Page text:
Searching for an ah ha moment? Try walking outside or washing your hands. Have you ever stopped to wonder where a particular thought came from? Can you recall a time when you experienced one of those beautiful ‘ah ha’ moments, a situation where answers seem to slide with synchronistic ease into an easily recognisable pattern? What were you doing at the time?
Many of my dazzling ‘ah ha’ moments arrive when I am in the bathroom surrounded by water. It doesn’t seem to matter if my whole body is submerged (in the shower) or if I am simply running water over my hands, either way, the physical experience of water upon skin seems to provide a ‘free time’ moment where my mind can play. These times of respite are extremely valuable because they enable creative endeavours. An example may help illustrate the point.
Recently a colleague and I were working on a project. She is a highly professional, organised and efficient teacher. I am a story teller who delights in creating something tangible from the intangible. Together, we were destined to form a productive team. However, our best collaborative work was achieved, separately. Rather than solving problems during meetings, our ah ha moments occurred afterwards. At the conclusion of each meeting we opened the door, went to our respective staff rooms and then to the bathroom before going to class (teachers tend to maintain rigorous schedules). Much to our amusement, we both experienced flashes of insight while in this ‘wash phase’ of our respective schedules. Afterwards, in some sort of serendipitous twist of fate, we ‘bumped’ into each other on the way to class. Whilst in transit, we eagerly swapped fresh strategies. This pattern repeated itself on three separate occassions and despite a slightly unconventional collaborative effort, our project was successful with minimal fuss and only an hour and a half of actual ‘meeting’ time.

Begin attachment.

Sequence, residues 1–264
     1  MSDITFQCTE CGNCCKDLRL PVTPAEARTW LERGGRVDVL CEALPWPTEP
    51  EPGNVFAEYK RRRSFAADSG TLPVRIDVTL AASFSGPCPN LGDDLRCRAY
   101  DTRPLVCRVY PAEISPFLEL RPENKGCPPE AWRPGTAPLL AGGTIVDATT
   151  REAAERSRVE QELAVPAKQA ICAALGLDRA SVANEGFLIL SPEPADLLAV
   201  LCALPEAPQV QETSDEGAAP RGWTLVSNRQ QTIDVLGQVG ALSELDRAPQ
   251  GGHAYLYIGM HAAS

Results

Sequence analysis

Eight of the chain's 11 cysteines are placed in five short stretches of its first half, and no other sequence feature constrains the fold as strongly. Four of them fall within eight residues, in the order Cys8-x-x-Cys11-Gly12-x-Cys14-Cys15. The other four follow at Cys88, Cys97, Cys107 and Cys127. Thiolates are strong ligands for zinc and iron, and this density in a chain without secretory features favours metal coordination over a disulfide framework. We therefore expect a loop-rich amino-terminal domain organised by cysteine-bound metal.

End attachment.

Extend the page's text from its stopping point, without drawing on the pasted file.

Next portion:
Now, I realise it may not be practical to wash each time a problem deposits a sticky mass on your hands. Similarly, close proximity to water may not be everyone’s ‘ah ha’ catalyst. However, it is possible to utilise the underlying theory to inspire your own ah ha moment. Put simply, having a shower or washing your hands may cleanse the mind as much as the body. These physical experiences provide the space to be mindful since the action of washing offers a break from the endless chatter of your self-talk. This gap allows a place for new ideas to form because you are mindfully aware of your actions, rather than over deliberating the thoughts that preceded them. In other words, short ‘non-thought moments’ or ‘self chatter pauses’, offer time to experience a mental ‘refresh’.
These ‘mental refresh’ moments have been studied by many – you may like to view this clip where Dr Adam Fraser explains the concepts of The Third Space. Another intriguing example may be found in Dr Karl’s Great Moments in Science – Can walking through a doorway make you forget? During this episode, Dr Karl provides a reason for room to room forgetfulness. He refers to the event-horizon model to suggest our brain processes information in single units and that the aspect on which we we are concentrating, gains the most attention. However, walking through a doorway moves us from one environment into another, and this may cause a memory lapse. This memory lapse, according to Dr Karl, occurs because our brain recognises the need to be attentive to potential threats in the new environment.
So, next time you find yourself over-thinking a problem, perhaps you could try walking out of the room, leaving the old solutions behind. Remember the ‘magic moment’ is the space ‘in-between’. This is the moment you pause your self-talk and allow yourself to hear those intuitive whispers. Perhaps then you will receive your own fresh, ah ha moment.
Welcome to a World of Expression.